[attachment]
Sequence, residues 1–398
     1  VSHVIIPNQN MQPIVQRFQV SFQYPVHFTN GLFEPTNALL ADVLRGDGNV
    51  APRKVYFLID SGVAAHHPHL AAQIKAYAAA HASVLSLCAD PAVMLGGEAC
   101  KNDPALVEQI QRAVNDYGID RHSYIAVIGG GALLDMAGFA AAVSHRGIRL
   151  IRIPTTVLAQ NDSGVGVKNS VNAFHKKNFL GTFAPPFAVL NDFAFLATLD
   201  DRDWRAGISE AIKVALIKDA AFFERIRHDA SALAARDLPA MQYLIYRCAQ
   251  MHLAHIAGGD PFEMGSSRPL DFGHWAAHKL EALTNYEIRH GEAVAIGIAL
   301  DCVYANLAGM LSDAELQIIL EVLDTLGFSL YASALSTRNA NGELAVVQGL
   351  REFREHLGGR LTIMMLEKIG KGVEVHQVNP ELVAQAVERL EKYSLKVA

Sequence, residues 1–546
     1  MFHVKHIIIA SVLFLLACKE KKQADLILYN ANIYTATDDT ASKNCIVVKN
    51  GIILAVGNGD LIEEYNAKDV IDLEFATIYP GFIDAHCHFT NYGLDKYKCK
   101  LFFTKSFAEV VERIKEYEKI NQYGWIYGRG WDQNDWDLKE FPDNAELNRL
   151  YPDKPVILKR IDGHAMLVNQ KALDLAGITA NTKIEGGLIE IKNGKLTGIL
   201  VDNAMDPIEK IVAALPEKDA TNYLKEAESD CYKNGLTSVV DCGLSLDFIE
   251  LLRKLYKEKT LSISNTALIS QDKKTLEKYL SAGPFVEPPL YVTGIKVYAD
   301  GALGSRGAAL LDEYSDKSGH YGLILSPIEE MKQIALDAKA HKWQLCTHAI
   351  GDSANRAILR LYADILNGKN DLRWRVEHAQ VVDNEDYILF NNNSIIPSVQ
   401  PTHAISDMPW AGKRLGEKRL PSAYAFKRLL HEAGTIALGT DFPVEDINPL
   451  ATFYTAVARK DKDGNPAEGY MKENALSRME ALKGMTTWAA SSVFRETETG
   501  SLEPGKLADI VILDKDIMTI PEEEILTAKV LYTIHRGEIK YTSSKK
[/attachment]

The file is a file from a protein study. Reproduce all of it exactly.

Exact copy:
Sequence, residues 1–398
     1  VSHVIIPNQN MQPIVQRFQV SFQYPVHFTN GLFEPTNALL ADVLRGDGNV
    51  APRKVYFLID SGVAAHHPHL AAQIKAYAAA HASVLSLCAD PAVMLGGEAC
   101  KNDPALVEQI QRAVNDYGID RHSYIAVIGG GALLDMAGFA AAVSHRGIRL
   151  IRIPTTVLAQ NDSGVGVKNS VNAFHKKNFL GTFAPPFAVL NDFAFLATLD
   201  DRDWRAGISE AIKVALIKDA AFFERIRHDA SALAARDLPA MQYLIYRCAQ
   251  MHLAHIAGGD PFEMGSSRPL DFGHWAAHKL EALTNYEIRH GEAVAIGIAL
   301  DCVYANLAGM LSDAELQIIL EVLDTLGFSL YASALSTRNA NGELAVVQGL
   351  REFREHLGGR LTIMMLEKIG KGVEVHQVNP ELVAQAVERL EKYSLKVA

Sequence, residues 1–546
     1  MFHVKHIIIA SVLFLLACKE KKQADLILYN ANIYTATDDT ASKNCIVVKN
    51  GIILAVGNGD LIEEYNAKDV IDLEFATIYP GFIDAHCHFT NYGLDKYKCK
   101  LFFTKSFAEV VERIKEYEKI NQYGWIYGRG WDQNDWDLKE FPDNAELNRL
   151  YPDKPVILKR IDGHAMLVNQ KALDLAGITA NTKIEGGLIE IKNGKLTGIL
   201  VDNAMDPIEK IVAALPEKDA TNYLKEAESD CYKNGLTSVV DCGLSLDFIE
   251  LLRKLYKEKT LSISNTALIS QDKKTLEKYL SAGPFVEPPL YVTGIKVYAD
   301  GALGSRGAAL LDEYSDKSGH YGLILSPIEE MKQIALDAKA HKWQLCTHAI
   351  GDSANRAILR LYADILNGKN DLRWRVEHAQ VVDNEDYILF NNNSIIPSVQ
   401  PTHAISDMPW AGKRLGEKRL PSAYAFKRLL HEAGTIALGT DFPVEDINPL
   451  ATFYTAVARK DKDGNPAEGY MKENALSRME ALKGMTTWAA SSVFRETETG
   501  SLEPGKLADI VILDKDIMTI PEEEILTAKV LYTIHRGEIK YTSSKK